For many in private equity real estate, the hiring of David Brush by Brookfield Asset Management crystallised a perception about RREEF Real Estate. Indeed, a number of observers fervently believed that staff would not sit still amid prolonged uncertainty at the alternative asset management business after Deutsche Bank announced a review of many parts of its asset management division in December.
In July, Brush, a 20-year veteran of Deutsche Bank, decided to leave the firm, having most recently served as chairman of RREEF’s real estate opportunities funds (REOF) group. Speaking with PERE one week after Deutsche Bank announced it had finally decided to keep RREEF, Brush said he preferred to look forward rather than backwards as he began a ‘second’ career.
Brush began his career in real estate in 1987, when he joined the real estate investment banking group of Bankers Trust. He became part of Deutsche Bank the following year, when the German bank took over Bankers Trust. Then, in 2002, Deutsche Bank took over Chicago-based RREEF for $490 million. It was a good marriage, with Deutsche Bank having the skills in the higher-risk opportunistic end and RREEF possessing strength in core and core-plus strategies.
As one of the best-known opportunistic real estate professionals in Europe, Brush carved out an exciting time at RREEF, including takeovers and distressed deals in the years that followed the firm’s acquisition under the watch of Richard Grunthel, the former boss of real estate at Deutsche Bank Asset Management’s alternative investment division. Grunthel now runs his own firm, True North Management Group in New York.
In June 2007, Brush spent his ‘last day’ at RREEF as he ‘retired’ from investing. However, that spell on the sidelines did not last long. Indeed, in the aftermath of Lehman Brothers’ collapse, he rejoined RREEF as chairman of REOF in 2008.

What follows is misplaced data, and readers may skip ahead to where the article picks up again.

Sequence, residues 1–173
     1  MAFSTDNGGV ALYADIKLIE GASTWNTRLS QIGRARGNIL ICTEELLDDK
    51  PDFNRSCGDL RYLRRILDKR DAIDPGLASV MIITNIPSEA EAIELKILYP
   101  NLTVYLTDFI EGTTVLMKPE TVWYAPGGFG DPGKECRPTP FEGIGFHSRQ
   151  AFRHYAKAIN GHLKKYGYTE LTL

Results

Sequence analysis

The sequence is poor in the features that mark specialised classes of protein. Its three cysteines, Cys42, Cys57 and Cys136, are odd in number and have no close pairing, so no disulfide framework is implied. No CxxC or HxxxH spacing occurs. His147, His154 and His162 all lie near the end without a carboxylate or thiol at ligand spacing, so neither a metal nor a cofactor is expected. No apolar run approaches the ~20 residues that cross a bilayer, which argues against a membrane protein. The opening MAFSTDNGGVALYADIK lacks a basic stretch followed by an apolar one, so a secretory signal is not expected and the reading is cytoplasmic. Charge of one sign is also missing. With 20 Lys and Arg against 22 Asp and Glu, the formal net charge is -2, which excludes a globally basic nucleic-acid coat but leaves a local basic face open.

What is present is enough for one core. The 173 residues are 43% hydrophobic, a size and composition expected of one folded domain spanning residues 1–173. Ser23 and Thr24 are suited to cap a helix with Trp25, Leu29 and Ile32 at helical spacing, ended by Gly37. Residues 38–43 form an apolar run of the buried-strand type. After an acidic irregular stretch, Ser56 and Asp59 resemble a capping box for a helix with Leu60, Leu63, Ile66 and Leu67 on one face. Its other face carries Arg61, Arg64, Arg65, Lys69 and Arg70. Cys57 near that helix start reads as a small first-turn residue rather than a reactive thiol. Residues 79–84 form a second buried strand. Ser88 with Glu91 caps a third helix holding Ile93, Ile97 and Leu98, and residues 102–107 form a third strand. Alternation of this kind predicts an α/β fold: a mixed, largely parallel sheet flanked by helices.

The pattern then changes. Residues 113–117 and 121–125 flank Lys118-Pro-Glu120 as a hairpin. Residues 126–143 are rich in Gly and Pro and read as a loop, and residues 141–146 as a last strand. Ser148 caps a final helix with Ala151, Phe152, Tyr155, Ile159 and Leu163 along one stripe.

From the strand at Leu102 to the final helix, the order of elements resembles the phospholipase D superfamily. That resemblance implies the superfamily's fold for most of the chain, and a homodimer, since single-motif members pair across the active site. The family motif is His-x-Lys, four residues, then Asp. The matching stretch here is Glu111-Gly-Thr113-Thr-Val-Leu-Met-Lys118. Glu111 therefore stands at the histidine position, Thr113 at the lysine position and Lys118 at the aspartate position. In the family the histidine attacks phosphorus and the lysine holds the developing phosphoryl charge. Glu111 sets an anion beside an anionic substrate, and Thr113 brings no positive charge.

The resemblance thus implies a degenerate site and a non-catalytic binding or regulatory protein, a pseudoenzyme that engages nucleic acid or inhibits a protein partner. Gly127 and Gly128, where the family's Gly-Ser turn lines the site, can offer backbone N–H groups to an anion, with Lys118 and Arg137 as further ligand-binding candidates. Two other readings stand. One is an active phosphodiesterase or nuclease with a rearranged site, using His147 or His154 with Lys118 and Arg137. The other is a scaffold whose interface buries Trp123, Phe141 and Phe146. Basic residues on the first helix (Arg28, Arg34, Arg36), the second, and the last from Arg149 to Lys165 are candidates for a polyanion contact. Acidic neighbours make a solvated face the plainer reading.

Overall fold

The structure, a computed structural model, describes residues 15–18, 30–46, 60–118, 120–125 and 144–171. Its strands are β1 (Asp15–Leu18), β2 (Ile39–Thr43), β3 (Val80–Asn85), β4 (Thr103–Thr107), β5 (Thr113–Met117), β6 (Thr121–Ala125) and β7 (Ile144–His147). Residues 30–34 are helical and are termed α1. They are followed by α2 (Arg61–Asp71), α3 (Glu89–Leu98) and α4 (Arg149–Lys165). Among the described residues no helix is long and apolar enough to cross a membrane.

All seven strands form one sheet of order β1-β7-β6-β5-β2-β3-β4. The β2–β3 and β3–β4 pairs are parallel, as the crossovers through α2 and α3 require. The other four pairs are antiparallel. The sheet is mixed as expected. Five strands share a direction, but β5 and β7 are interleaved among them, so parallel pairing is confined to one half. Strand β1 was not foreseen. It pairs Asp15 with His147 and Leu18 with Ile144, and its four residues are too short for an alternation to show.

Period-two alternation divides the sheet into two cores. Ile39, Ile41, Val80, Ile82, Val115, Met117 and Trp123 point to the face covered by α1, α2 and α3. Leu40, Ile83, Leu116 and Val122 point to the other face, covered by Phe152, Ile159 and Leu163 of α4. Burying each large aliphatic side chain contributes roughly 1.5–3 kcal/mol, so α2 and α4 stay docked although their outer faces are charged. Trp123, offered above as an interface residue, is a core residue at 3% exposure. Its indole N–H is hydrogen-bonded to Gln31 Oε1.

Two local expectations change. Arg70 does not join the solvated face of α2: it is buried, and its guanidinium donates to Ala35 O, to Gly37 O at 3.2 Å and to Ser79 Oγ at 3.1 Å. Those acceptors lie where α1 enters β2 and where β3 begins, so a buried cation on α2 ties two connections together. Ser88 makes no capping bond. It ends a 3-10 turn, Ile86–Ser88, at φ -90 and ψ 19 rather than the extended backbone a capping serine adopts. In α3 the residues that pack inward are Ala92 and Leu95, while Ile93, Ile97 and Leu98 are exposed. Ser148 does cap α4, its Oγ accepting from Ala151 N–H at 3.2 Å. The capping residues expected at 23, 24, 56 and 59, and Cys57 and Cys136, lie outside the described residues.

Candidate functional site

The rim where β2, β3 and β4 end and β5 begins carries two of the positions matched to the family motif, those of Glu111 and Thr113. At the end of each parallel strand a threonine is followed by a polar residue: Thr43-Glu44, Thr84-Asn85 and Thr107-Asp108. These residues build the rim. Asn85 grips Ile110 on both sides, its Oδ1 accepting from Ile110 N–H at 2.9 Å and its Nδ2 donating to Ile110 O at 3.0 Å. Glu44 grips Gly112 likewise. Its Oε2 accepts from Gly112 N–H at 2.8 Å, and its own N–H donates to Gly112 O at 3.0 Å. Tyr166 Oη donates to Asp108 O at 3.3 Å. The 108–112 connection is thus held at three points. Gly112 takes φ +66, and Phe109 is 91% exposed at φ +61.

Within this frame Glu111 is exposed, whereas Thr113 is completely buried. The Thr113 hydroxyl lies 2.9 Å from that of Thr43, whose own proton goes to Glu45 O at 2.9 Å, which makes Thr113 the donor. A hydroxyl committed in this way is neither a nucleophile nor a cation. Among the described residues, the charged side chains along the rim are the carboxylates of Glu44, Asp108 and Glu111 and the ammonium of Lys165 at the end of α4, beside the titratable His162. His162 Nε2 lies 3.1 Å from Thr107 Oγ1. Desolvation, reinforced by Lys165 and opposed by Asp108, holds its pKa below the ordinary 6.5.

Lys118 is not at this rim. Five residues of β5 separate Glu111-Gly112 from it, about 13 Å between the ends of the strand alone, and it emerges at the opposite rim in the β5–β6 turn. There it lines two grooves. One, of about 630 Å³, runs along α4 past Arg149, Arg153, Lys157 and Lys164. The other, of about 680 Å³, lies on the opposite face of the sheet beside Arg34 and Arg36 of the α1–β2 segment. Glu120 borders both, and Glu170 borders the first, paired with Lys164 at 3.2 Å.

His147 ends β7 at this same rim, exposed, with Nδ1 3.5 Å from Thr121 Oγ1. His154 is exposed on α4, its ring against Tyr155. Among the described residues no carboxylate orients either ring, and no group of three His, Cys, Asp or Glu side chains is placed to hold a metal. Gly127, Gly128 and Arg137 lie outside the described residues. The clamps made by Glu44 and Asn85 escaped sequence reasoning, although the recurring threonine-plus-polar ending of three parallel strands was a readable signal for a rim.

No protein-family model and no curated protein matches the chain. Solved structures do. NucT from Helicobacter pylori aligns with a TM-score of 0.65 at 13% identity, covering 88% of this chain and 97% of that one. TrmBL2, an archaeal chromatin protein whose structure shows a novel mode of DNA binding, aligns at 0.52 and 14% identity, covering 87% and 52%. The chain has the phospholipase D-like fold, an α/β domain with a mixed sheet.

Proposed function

Now, Brush is working full time at Brookfield and has spent the summer learning the organisation alongside senior managing partner Barry Blattman and global head of real estate Ric Clarke. Last month, he settled into life at his new firm.
Brookfield, Brush explained, has the flexibility to invest in real estate via different “silos.” For example, it has Brookfield Strategic Real Estate Partners (BSREP), the opportunity fund business, which currently is on the fundraising trail. There also is Brookfield Office Properties, which was beefed up in the UK last year with the appointment of Martin Jepson. The piece that Brookfield had been missing is European opportunistic expertise.
“Brookfield has different pools of capital to cover the full investment spectrum,” Brush said, adding there was no real management “silo” in his new role as managing partner of European real estate investment activities. He noted that Jepson and team were focusing their activities firstly on London offices, but eventually Brookfield would wish to invest in Continental Europe.
One GP in Europe observed that Brush is a good hire for Brookfield. “Europe has been a bit of an outpost for Brookfield,” he said. “Over here, you are not in the inner circle of Brookfield’s real estate management, but David is the kind of guy to get his voice heard.”